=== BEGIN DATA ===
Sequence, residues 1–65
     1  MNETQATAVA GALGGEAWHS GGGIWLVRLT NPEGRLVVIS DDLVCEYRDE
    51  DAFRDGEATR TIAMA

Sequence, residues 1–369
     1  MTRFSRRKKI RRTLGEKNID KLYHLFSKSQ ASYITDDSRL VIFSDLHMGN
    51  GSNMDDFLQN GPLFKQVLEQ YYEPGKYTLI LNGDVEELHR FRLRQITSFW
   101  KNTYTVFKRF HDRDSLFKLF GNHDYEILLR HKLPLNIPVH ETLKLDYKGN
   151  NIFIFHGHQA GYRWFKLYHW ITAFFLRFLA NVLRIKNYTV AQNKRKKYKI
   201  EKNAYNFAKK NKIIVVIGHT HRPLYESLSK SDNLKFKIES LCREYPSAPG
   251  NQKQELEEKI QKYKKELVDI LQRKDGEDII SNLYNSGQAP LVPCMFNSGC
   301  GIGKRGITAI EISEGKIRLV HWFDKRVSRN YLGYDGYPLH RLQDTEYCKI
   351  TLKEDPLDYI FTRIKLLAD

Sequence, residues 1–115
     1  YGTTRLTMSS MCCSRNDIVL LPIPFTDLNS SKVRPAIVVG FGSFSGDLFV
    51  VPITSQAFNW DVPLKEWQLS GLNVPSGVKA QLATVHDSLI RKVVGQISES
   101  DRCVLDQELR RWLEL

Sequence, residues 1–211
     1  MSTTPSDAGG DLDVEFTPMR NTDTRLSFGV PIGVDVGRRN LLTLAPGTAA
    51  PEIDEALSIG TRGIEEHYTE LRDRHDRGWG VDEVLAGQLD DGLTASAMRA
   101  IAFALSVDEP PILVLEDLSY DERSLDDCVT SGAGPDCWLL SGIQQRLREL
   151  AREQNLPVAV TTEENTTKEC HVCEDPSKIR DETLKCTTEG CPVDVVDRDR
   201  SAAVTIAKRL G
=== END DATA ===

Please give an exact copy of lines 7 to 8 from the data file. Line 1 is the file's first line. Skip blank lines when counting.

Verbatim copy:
   101  KNTYTVFKRF HDRDSLFKLF GNHDYEILLR HKLPLNIPVH ETLKLDYKGN
   151  NIFIFHGHQA GYRWFKLYHW ITAFFLRFLA NVLRIKNYTV AQNKRKKYKI